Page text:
This budget was passed off the House floor last Thursday on a narrow 50-47 vote — with one Democrat excused from voting. I voted no.
I remain concerned the operating budget continues to provide public funding for abortions. I supported Amendment 841, which would have prohibited the state Department of Health from paying for abortions not deemed medically necessary. It would have reduced funding for abortions by $5.5 million and redirected that money toward breast and cervical cancer screening. I also supported Amendment 842, which would have required the Department of Health to give a yearly report of state-funded abortions.
In addition, I offered Amendment 839, which would have prohibited the use of state funds to enforce the new Human Rights Commission rule that allows males who identify as transgendered individuals to use female bathrooms and locker rooms, and vise versa. Each of these amendments were rejected by House Democrats. In total, we offered 35 amendments, but only nine were accepted.
Due to the rejection of these amendments, the reliance on new tax increases, an overreliance on the Budget Stabilization Account and the use of an accounting gimmick to balance the four-year outlook, the House Democrats' flawed budget proposal becomes the BAD BILL of the week.
The good news is the Senate Majority Coalition Caucus has proposed a more balanced, fiscally responsible alternative. It does not rely on new tax increases and does not raid the Budget Stabilization Account. You can find an overview here.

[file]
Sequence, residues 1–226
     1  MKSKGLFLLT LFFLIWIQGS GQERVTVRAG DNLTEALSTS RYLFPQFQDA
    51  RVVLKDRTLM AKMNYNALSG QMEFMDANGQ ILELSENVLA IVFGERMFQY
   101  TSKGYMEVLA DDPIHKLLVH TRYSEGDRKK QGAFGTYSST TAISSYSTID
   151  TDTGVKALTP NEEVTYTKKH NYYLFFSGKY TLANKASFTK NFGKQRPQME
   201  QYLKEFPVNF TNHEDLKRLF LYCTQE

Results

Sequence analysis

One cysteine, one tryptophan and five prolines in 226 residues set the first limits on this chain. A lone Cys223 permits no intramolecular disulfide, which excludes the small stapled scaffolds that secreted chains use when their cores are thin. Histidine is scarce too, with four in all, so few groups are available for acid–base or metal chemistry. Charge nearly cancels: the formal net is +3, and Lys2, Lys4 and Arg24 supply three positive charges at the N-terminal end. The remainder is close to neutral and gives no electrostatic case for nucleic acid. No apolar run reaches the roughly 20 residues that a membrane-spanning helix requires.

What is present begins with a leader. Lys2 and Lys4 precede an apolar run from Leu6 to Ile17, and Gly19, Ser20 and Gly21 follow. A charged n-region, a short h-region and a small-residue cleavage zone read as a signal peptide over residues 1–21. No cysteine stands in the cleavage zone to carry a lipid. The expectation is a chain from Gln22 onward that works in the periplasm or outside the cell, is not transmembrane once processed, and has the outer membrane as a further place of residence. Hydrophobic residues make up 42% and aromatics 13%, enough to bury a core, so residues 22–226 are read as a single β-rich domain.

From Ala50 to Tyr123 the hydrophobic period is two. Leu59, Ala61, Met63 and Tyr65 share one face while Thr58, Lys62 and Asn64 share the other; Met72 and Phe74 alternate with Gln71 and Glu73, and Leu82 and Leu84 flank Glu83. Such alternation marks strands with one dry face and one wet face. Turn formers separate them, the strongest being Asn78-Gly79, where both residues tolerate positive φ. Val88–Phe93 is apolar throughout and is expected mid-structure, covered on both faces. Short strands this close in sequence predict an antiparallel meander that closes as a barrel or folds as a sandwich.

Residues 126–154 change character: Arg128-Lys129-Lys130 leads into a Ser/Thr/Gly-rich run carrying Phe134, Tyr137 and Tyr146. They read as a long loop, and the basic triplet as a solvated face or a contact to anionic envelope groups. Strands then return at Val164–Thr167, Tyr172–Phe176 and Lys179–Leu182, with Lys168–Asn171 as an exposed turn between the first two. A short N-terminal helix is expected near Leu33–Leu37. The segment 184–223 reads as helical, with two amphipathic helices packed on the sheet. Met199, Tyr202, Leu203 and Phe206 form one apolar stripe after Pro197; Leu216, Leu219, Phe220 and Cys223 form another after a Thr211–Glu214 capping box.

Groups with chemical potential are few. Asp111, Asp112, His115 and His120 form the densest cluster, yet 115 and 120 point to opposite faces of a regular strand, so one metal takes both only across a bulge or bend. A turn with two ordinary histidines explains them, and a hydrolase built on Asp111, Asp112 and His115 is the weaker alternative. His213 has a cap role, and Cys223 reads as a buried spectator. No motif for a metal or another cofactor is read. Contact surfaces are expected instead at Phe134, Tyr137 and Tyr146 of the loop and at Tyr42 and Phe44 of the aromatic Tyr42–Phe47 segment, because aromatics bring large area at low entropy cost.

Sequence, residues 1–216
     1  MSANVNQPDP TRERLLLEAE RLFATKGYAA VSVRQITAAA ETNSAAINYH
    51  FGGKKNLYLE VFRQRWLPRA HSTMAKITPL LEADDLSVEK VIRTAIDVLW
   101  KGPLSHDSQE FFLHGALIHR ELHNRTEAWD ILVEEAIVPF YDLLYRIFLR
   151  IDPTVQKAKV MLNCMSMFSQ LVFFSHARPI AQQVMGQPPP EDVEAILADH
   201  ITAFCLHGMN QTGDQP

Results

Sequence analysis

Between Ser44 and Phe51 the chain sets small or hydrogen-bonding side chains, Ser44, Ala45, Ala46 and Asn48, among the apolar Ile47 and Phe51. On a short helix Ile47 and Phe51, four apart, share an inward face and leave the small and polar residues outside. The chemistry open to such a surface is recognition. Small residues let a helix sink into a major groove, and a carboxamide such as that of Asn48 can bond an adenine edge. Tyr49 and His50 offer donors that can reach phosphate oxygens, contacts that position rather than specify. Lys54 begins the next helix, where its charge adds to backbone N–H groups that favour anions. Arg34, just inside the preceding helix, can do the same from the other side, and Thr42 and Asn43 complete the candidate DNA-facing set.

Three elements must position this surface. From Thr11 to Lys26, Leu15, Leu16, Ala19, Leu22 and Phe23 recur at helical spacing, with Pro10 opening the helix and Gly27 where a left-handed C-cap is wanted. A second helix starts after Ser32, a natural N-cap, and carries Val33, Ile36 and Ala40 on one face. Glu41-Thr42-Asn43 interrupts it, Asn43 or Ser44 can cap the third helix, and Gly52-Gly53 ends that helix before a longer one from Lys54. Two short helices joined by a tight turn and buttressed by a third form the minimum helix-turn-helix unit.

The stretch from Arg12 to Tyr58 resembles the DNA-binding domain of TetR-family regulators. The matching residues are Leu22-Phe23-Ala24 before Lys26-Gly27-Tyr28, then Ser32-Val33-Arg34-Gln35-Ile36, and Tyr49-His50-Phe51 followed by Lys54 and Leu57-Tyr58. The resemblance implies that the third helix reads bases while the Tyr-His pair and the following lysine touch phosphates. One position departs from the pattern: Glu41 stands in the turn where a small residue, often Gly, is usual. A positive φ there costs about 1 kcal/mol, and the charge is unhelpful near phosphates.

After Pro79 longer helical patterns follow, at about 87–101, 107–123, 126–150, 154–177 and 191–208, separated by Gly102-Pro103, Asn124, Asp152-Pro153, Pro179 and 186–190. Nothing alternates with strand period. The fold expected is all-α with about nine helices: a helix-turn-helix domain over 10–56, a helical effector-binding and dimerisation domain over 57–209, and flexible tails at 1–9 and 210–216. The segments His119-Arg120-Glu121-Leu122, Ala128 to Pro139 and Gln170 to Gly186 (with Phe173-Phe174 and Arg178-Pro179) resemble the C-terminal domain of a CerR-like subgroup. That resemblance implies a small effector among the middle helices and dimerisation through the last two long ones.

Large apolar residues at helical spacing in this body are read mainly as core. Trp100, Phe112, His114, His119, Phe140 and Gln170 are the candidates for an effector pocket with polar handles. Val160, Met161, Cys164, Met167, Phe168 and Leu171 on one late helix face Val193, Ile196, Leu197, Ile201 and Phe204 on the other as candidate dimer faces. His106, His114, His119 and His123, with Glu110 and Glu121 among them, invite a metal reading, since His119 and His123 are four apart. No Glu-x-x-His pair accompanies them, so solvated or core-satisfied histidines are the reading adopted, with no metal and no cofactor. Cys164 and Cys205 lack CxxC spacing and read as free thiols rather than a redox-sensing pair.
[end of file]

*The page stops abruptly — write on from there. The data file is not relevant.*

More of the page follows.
Act now to protect your right to keep warm with your woodstove!
A bill I authored that would allow people to use or install their woodstoves for heat during emergency power outages to protect lives, business and livestock, regardless of certification and whether a temporary burn ban has been issued, is awaiting action in the Senate. However, it needs your help!
Tomorrow, March 3 is the last day House Bill 2785 may be considered in the Senate, or it could be dead for the year. The measure would limit the authority of the Department of Ecology or local air authorities to restrict the installation or use of certain woodstoves during emergency power outages.
After the big storm in November left more than 250,000 homes in the Spokane/Inland Northwest area without power for several days, several people came to me afraid they might be penalized for installing a wood stove to protect their family, their health, or their business. We want to make sure it is very clear in the law that during an emergency, where there is a massive power outage like we experienced in Eastern Washington, people don't have to choose between their health and business or a fine.
Please contact Senate Majority Leader Mark Schoesler at (360) 786-7620. Ask him to bring the Woodstove Protection Act, House Bill 2785, to the Senate floor for a vote!
Watch my legislative video update
In this update, I talk about our successes, including passage of a couple of important bills that will allow manufacturing of short-barreled rifles in Washington state and a concealed weapons permit notification measure. Click here to watch.